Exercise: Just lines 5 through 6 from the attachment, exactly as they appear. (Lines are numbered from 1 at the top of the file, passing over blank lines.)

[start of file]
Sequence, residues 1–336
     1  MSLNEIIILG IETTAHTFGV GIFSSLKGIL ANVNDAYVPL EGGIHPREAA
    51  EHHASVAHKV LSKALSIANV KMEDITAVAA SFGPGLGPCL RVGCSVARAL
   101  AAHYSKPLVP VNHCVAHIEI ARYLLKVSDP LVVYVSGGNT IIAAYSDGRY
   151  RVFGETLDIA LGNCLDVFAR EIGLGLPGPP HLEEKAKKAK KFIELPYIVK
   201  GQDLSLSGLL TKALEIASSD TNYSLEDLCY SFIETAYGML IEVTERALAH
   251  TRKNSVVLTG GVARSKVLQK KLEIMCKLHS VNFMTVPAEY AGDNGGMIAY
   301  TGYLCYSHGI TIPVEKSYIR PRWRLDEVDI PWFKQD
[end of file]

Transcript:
   151  RVFGETLDIA LGNCLDVFAR EIGLGLPGPP HLEEKAKKAK KFIELPYIVK
   201  GQDLSLSGLL TKALEIASSD TNYSLEDLCY SFIETAYGML IEVTERALAH